NEW YORK - An environmental group on Oct. 12 filed a brief in New York federal court seeking a summary judgment ruling against the U.S. Environmental Protection Agency for allegedly missing a deadline to propose final regulations for perchlorate in drinking water pursuant to Congress' instructions in the Safe Drinking Water Act (SDWA) (Natural Resources Defense Council Inc. v. United States Environmental Protection Agency, No. 16-1251, S.D. N.Y.).
WASHINGTON, D.C. - The U.S. Department of Justice (DOJ) announced on Oct. 11 that four companies have agreed to pay $3.5 million for criminal violations of the Clean Air Act as a result of releases of hazardous pollutants at two oil- and chemical-processing facilities in Texas.
ALEXANDRIA, Va. - In several petitions for inter partes review filed with the Patent Trial and Appeal Board on Oct. 11, Apple Inc. attacked the validity of a patent covering digital emulation (Petition for Inter Partes Review of U.S. patent No. 6,470,399, No. IPR2016-01839, PTAB).
SALT LAKE CITY - A declaratory judgment action seeking a declaration of noninfringement and invalidity with regard to two utility patents was partly dismissed Oct. 12 by a Utah federal judge pursuant to Federal Rule of Civil Procedure 12(b)(6) (The Beer Barrel LLC v. Deep Wood Brew Products LLC, et al., No. 16-440, D. Utah.; 2016 U.S. Dist. LEXIS 141495).
MISSOULA, Mont. - A Montana federal judge on Oct. 11 denied a disability claimant's motion to remand a suit to Montana state court on the basis that jurisdiction in federal court is proper and none of the relevant factors weighs in favor of remanding the suit (Philip Cardan v. New York Life Insurance Co., No. 16-102, D. Mont.; 2016 U.S. Dist. LEXIS 140731).
SAN FRANCISCO - A California federal judge on Oct. 12 granted a reinsurer's motion to dismiss in an asbestos coverage suit on the basis that the California federal court lacks jurisdiction over the reinsurer whose headquarters are based in the Commonwealth of Pennsylvania (The American Insurance Co. v. R&Q Reinsurance Co., No. 16-3044, N.D. Calif.; 2016 U.S. Dist. LEXIS 141467).
SPRINGFIELD, Ill. - An Illinois federal judge, in a decision filed Oct. 11, certified a class of participants who filed a breach of fiduciary duty lawsuit against a mutual insurance company for allegedly using premiums it obtained through payments made by them for health care coverage to enrich itself, saying that the plaintiffs satisfied all of the Federal Rule of Civil Procedure 23 requirements for certification and that a class action is superior to all other methods of adjudicating the action (Susan Priddy, et al. v. Health Care Services Corp., No. 14-3360, C.D. Ill.; 2016 U.S. Dist. LEXIS 140414).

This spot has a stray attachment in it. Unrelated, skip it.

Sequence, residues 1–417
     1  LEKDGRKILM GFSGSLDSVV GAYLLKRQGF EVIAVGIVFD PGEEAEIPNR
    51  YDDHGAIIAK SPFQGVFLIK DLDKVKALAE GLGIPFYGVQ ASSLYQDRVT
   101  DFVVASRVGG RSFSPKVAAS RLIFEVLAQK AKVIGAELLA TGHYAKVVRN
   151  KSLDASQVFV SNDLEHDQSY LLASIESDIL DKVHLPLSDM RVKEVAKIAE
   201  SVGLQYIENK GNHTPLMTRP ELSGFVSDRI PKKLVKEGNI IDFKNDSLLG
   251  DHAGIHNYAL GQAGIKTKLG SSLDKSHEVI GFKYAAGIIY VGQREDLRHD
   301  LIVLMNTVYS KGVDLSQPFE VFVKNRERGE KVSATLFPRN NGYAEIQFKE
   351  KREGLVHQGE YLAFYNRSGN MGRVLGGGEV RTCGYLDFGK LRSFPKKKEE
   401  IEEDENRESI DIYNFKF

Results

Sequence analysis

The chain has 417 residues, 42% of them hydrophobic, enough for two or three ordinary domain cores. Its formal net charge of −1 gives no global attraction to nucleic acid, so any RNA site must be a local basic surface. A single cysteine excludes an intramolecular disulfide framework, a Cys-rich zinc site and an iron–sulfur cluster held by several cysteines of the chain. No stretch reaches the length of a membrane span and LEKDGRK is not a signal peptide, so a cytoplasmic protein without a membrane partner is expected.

ST. LOUIS - A motor carrier that requires its truck drivers with body mass indexes (BMIs) of 35 or greater to undergo tests to determine whether they had obstructive sleep apnea is not in violation of the Americans with Disabilities Act (ADA), an Eighth Circuit U.S. Court of Appeals panel ruled Oct. 12 (Robert J. Parker v. Crete Carrier Corporation, No. 16-1371, 8th Cir. 2016 U.S. App. LEXIS 18374).
ATLANTIC CITY, N.J. - A New Jersey state court judge on Oct. 12 dismissed with prejudice 102 Accutane bowel injury cases because prescribing physicians in the 11-year-old litigation are deceased or cannot be located to testify that a different warning would have changed their decision to prescribe the acne drug (In Re: Accutane Litigation, No. 271, N.J. Super., Atlantic Co.).
WASHINGTON, D.C. - In its Oct. 11 order list, the U.S. Supreme Court granted a motion by Acting U.S. Solicitor General Ian Heath Gershengorn to participate in upcoming oral arguments over what the appropriate sanctions are when a private qui tam lawsuit plaintiff violates a seal order under the False Claims Act (FCA) (State Farm Fire & Casualty Co. v. United States, ex rel. Cori Rigsby, et al., No. 15-513, U.S. Sup.; 2016 U.S. LEXIS 6149).
DETROIT - A college professor may testify to the cause of damage from winter conditions to two golf courses he examined but not to a third, which he did not, a Michigan federal judge ruled Oct. 11 (Bloomfield Hills Country Club, et al. v. The Travelers Property Casualty Company of America, et al., No. 15-11290, E.D. Mich.; 2016 U.S. Dist. LEXIS 140449).